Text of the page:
The Digital Twin

by Richard Gate - Technical Lead for ObjectSpectrum

Jan 01 2023

All Posts The Digital Twin

Welcome to the New Year of 2023. Could this be the year where a number of strands come together? IoT, Networks, Virtual Worlds, Virtual Reality, and Artificial Intelligence to shape the existence and growth of the Digital Twin? Not so much the “The ghost in the machine” as “The ghost outside the machine.”

What is a “Digital Twin”? Is this just another gathering of existing technologies and names into a new name, like the Internet, Data Centers, APIs, and Distributed Processing became “The Cloud”? After all, this is not new. Remote Surgery, as an example, where the surgeon and the patient are at physically separate locations, dates back to 1985 when the first recorded surgical robot was used in a brain biopsy procedure, with the surgeon remotely controlling and monitoring a surgical robot, performing the surgery in a virtual world affecting the real world.

The term Digital Twin was originally used by NASA engineer John Vickers in 2002 to be used in NASA product development. Good old Wikipedia says, “A Digital Twin is a digital representation of an intended or actual real-world physical product, system, or process that serves as the effectively indistinguishable digital counterpart of it for practical purposes, such as simulation, integration, testing, monitoring, and maintenance”. Gartner has sited Digital Twins as a top-10 trend. Their Strategic Technology Trends 2017 report noted that “… billions of things will be represented by Digital Twins, a dynamic software model of a physical thing or system, within three to five years”. One year later they stated that “with an estimated 21 billion connected sensors and endpoints by 2020, Digital Twins will exist for billions of things in the near future”.

This is a connection between the real world and a virtual world. Much more than just remote control, which is where it started, but now with the increased sophistication of virtual modeling, the Digital Twin of a system can be used to gain insights into corresponding real systems that simply cannot easily be gained by directly dealing with the real system itself.

There are several applications for Digital Twins across industries, such as manufacturing, construction, urban planning, healthcare, automotive, retail, housing, and agriculture. In fact, anything that would benefit from creating a virtualized model (Digital Twin) of a physical system can be interacted with.

Most of the applications seem to focus on the representation of the physical world via the virtualized model and how it is interacted with, without much attention being paid to how the virtualized model is constructed and updated. This is understandable as the greatest impact is made at the visualization end of the process. However, feeding the virtualized model from real-world data creates a much more vibrant virtualized model. Changes in the real world can then interact with the virtualized model to see the effects of changes made in that virtualized model. This is where sensors and IoT technologies come into play. The use of Digital Twins in combination with IoT can greatly simplify the visualization of data collected by IoT sensors by creating representations that are more in tune with human perception. With many IoT sensors and the vast amount of data they collect, this simplifies how the data can be visualized and interpreted.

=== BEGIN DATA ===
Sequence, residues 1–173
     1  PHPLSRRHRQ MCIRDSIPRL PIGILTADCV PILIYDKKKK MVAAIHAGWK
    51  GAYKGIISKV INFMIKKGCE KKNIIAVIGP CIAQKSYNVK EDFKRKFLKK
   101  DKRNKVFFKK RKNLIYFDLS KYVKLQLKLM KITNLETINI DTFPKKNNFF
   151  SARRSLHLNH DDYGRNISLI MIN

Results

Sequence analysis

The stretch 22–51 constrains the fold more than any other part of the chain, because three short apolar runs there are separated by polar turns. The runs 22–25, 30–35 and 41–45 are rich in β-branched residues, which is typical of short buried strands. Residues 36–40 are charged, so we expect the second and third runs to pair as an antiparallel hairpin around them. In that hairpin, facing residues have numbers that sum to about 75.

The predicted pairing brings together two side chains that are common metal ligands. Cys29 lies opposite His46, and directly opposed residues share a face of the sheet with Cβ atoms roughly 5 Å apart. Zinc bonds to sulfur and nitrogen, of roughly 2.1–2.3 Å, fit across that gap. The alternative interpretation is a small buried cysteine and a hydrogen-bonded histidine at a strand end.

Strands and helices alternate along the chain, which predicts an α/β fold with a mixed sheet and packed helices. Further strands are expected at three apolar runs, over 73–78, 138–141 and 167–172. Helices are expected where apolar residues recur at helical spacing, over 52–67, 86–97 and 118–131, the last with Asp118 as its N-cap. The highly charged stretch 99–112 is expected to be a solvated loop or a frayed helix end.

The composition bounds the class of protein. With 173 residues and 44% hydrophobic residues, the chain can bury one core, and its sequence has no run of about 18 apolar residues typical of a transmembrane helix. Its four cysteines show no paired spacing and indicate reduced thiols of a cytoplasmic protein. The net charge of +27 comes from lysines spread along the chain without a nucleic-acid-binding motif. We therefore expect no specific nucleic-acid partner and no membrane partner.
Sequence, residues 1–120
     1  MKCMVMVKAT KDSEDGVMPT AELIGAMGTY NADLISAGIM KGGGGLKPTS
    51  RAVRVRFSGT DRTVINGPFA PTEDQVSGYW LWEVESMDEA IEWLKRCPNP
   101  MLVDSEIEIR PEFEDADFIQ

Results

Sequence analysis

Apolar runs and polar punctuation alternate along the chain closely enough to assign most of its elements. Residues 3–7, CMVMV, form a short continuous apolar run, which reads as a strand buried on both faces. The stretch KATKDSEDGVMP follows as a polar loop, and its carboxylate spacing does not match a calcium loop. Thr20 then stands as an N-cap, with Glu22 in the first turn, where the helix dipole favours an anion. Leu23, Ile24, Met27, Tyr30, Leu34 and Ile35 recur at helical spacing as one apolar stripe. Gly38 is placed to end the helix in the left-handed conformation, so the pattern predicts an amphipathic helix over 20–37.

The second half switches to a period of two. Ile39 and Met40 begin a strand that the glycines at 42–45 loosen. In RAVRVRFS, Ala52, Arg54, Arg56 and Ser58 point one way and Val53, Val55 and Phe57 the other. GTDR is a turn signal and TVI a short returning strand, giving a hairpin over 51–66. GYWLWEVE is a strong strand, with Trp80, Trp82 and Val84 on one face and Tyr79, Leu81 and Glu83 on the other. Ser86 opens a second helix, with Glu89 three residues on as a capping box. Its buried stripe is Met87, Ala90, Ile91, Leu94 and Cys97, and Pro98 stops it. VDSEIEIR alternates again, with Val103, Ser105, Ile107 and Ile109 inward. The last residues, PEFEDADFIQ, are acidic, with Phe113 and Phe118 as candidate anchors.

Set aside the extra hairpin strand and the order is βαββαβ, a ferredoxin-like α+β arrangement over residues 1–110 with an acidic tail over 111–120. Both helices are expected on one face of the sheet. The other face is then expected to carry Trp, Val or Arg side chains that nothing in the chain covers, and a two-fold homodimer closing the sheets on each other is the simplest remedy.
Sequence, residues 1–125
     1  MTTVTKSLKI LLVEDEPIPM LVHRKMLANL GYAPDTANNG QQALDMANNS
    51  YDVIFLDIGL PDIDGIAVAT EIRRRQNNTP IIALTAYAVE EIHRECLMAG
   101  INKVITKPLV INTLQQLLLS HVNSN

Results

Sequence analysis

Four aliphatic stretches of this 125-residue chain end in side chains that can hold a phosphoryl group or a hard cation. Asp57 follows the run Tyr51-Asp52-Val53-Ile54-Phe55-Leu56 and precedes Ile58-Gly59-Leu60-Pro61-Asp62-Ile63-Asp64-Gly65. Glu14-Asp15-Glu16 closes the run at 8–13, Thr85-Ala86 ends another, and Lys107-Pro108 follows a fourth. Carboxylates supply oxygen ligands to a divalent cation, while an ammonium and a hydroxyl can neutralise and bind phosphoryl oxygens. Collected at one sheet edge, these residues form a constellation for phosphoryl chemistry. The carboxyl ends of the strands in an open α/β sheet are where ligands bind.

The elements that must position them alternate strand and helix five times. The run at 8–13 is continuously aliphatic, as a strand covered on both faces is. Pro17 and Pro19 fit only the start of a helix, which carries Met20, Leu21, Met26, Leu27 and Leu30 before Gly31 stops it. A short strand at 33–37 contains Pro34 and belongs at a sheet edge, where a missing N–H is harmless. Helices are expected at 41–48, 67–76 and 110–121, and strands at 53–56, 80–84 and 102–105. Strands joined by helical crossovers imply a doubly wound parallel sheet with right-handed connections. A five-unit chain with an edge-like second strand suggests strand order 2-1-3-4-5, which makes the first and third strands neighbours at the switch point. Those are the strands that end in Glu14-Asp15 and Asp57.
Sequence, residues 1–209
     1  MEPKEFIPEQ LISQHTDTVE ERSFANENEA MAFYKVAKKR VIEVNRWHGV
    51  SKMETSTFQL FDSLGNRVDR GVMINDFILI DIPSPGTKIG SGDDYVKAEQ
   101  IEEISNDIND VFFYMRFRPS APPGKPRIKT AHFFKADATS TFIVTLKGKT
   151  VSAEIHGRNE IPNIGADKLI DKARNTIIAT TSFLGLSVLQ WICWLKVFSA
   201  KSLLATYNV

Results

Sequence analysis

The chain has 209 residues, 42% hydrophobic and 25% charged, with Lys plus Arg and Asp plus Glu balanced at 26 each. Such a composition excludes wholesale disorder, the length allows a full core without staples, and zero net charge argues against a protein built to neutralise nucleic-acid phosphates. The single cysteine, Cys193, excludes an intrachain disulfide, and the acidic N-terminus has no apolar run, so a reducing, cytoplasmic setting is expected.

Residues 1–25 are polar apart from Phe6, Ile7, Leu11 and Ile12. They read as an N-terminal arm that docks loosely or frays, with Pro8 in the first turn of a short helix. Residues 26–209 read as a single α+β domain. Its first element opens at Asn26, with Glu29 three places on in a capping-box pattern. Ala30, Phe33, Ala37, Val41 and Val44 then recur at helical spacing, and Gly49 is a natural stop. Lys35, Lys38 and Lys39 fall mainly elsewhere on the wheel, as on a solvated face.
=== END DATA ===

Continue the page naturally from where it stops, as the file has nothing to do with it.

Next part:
An excellent example of a data-driven Digital Twin was constructed by the Australian government agency, The Commonwealth Scientific and Industrial Research Organisation (CSIRO). It released a Digital Twin of Western Sydney, named the NSW Spatial Digital Twin. It includes live transport data, above and below-ground infrastructure, building information models, property boundaries, and more, and is designed to enable integrated city planning. The Digital Twin is rendered as a 4D visual representation of the area data is collected from.

Examples of Digital Twins being constructed from initial data feeds and modeling which are then used almost in isolation from data feeds can be found in manufacturing. Here the goal is to build models of real manufactured systems and their components. They are generally not used to visualize the real world but to perform actions on the virtual model that would be dangerous, difficult, or cost-prohibitive with the real system, such as safety testing, destruction testing, product development, and exploring various what-if scenarios.

The Digital Twin is a major tool set and, fed with IoT data, is an excellent visualization system. It will only become more important over time.

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